What Type of Drug Is Weed? Class, Effects & More
Last Updated Dec 2, 2021
Weed can broadly be said to fall into three drug types: depressant, stimulant, and hallucinogen.
Of these three types of drugs, its depressant effects are arguably the most prevalent. However, the exact experience a user has when using marijuana will vary by the individual, the strain used, and the amount used.
What Makes Weed Hard to Classify?
Marijuana is a drug that is somewhat hard to classify. It doesn’t fall neatly into one drug category, with users often feeling a mix of effects. It can also affect people differently depending on the strain and amount of marijuana used.
Some effects commonly associated with marijuana include the following:
- Anxiety relief
- Reduced inhibitions
Less common effects, some of which contradict the above, include the following:
- A temporary loss of personal identity
Notably, some of these effects, such as hallucinations and a loss of identity, are generally only associated with very high doses of marijuana. The primary cause of marijuana’s effects is THC (delta-9-tetrahydrocannabinol), its main psychoactive ingredient.
Relevant Effects by Drug Class
Different drug classes are associated with different primary effects. Since weed has some crossover into different classes, its effects can vary somewhat.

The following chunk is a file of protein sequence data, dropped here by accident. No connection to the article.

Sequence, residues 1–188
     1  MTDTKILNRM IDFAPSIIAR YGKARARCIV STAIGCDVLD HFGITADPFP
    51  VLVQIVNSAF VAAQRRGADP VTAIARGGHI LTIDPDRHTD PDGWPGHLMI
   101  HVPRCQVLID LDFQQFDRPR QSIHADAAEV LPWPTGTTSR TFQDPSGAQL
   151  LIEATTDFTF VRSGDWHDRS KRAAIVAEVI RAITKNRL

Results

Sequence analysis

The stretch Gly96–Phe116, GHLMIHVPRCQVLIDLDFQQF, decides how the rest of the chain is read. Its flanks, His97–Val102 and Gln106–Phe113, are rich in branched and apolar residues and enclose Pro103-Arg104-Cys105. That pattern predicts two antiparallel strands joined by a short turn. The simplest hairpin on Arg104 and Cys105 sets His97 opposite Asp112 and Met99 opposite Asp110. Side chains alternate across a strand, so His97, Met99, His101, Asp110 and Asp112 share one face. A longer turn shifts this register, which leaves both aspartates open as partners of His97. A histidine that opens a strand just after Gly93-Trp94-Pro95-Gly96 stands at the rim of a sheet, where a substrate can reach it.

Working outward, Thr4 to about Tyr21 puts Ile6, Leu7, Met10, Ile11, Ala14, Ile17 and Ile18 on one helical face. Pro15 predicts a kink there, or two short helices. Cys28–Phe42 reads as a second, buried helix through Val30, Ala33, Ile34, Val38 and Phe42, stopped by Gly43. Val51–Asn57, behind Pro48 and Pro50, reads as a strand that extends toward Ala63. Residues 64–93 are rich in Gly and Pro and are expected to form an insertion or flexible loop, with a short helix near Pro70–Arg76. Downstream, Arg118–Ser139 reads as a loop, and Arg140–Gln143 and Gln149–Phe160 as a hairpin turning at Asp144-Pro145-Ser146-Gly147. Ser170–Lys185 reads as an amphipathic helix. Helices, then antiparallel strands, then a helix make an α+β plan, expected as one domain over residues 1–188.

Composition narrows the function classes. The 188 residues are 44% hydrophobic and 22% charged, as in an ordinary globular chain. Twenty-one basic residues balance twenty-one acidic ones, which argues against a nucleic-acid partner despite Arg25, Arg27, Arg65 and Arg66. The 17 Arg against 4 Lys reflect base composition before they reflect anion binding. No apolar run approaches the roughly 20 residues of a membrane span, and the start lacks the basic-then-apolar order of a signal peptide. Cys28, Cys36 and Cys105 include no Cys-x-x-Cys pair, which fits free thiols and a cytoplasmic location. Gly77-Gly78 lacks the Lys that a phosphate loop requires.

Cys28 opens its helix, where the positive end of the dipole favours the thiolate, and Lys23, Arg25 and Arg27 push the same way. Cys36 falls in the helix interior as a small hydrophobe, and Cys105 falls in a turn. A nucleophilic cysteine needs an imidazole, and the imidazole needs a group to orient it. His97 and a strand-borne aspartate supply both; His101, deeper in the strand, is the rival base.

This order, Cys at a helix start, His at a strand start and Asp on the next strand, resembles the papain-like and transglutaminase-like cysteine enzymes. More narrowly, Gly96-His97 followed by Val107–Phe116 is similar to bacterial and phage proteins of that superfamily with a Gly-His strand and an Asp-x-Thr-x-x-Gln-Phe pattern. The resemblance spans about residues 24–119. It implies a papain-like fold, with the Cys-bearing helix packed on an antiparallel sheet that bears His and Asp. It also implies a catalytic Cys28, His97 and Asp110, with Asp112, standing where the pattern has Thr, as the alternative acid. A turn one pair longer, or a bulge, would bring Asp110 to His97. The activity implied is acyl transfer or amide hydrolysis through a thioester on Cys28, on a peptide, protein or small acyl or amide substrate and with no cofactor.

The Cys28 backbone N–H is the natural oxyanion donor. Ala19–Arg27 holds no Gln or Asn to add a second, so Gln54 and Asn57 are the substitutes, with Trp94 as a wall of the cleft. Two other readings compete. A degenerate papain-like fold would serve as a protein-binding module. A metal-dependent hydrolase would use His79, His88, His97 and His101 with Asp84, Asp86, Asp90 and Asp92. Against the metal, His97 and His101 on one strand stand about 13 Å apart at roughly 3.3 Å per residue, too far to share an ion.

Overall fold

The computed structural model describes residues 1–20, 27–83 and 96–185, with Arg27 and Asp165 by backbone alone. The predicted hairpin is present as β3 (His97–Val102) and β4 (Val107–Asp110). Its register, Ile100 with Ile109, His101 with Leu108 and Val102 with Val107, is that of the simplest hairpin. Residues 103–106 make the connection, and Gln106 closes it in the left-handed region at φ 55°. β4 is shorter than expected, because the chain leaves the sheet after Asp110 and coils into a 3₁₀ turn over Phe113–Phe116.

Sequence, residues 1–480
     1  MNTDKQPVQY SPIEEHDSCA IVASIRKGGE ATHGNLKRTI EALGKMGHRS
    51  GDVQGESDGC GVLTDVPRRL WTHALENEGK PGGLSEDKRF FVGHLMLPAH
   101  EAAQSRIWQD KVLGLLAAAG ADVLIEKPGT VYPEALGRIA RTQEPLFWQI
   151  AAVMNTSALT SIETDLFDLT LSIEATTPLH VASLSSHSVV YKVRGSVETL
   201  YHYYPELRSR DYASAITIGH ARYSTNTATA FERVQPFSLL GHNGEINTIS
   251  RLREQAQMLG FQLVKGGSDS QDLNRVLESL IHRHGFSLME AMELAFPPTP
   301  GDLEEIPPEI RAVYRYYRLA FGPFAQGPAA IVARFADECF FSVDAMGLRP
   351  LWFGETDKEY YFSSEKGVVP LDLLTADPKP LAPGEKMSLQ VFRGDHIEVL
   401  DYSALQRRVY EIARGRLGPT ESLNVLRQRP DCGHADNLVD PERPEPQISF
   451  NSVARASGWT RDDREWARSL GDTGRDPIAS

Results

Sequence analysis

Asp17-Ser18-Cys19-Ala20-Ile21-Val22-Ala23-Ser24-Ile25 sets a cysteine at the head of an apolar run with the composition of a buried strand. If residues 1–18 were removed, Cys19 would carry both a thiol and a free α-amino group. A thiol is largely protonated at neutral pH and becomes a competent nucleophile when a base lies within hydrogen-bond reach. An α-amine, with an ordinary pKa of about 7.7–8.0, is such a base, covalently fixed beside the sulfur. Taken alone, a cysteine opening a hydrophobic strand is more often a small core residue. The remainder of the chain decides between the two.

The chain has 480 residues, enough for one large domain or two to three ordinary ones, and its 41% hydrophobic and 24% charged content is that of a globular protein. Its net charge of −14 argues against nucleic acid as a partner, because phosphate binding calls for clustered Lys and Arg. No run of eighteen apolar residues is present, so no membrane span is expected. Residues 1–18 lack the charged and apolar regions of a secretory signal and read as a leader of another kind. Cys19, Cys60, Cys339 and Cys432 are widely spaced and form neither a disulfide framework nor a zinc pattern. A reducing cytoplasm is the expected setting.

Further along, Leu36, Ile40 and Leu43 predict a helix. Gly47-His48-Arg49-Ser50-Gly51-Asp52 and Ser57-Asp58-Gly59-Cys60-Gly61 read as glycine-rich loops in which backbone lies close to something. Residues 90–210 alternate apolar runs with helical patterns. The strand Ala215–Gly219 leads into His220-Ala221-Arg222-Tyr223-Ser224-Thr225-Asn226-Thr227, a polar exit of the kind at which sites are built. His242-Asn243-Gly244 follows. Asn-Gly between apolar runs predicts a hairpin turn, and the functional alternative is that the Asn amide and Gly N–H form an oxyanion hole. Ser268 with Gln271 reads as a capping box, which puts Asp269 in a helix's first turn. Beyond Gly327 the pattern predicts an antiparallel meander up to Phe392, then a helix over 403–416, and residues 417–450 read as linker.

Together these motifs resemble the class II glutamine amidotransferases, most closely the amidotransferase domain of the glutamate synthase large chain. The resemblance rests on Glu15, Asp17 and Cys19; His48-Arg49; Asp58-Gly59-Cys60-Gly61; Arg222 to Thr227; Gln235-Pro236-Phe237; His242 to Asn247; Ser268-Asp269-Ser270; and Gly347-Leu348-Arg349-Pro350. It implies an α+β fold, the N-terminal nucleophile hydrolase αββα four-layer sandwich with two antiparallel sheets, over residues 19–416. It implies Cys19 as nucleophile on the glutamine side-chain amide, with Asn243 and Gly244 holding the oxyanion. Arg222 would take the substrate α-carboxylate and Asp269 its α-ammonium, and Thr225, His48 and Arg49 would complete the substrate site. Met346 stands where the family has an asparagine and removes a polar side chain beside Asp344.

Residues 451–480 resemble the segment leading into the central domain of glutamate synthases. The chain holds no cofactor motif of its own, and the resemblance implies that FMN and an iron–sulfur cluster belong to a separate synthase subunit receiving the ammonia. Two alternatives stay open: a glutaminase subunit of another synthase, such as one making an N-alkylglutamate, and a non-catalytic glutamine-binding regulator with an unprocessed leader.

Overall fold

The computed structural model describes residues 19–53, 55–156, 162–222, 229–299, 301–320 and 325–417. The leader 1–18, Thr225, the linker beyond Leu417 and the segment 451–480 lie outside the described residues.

Marijuana can slow down neural signaling in the brain, the primary determining factor that makes a drug a depressant.
Other common depressants include alcohol and opioids. While many people mistakenly associate depressants with causing depression, they don’t generally inherently cause depression or anxiety.
Of the drug classes marijuana falls into, depressant is likely the most appropriate, even if it has notable traits of other classes. Depressants are associated with euphoria, relaxation, and reduced inhibitions, some of marijuana’s most prominent effects.
Stimulants speed up (or stimulate) systems in the body. Marijuana can sometimes have this effect, elevating a person’s heart rate and potentially causing anxiety and paranoia, activating a person’s fight-or-flight response.
While rare, marijuana is known to cause hallucinations and delusions at high doses. Similarly, it has also been known to trigger longer-lasting psychotic disorders in a small number of vulnerable users.
Whether it is appropriate to call the drug a true hallucinogen is debatable. Most users of marijuana products will not experience hallucinogens. At the same time, hallucinations and similar breaks from reality are a reported effect that, by definition, would make the drug hallucinogenic.
Should Marijuana Be Schedule I?
When discussing the type of drug marijuana is, it is worth noting that the DEA classifies it as a Schedule I substance, which means they claim it has a high potential for abuse, no accepted medical use in the United States, and it is dangerous even when used under medical supervision.
While it is possible to use marijuana in a self-destructive way, many people have criticized this classification as politically motivated rather than based on evidence. Even among many experts wary of marijuana’s potential for harm, this classification is often criticized as making researching the drug difficult and promoting misinformation about the extent of its known dangers.
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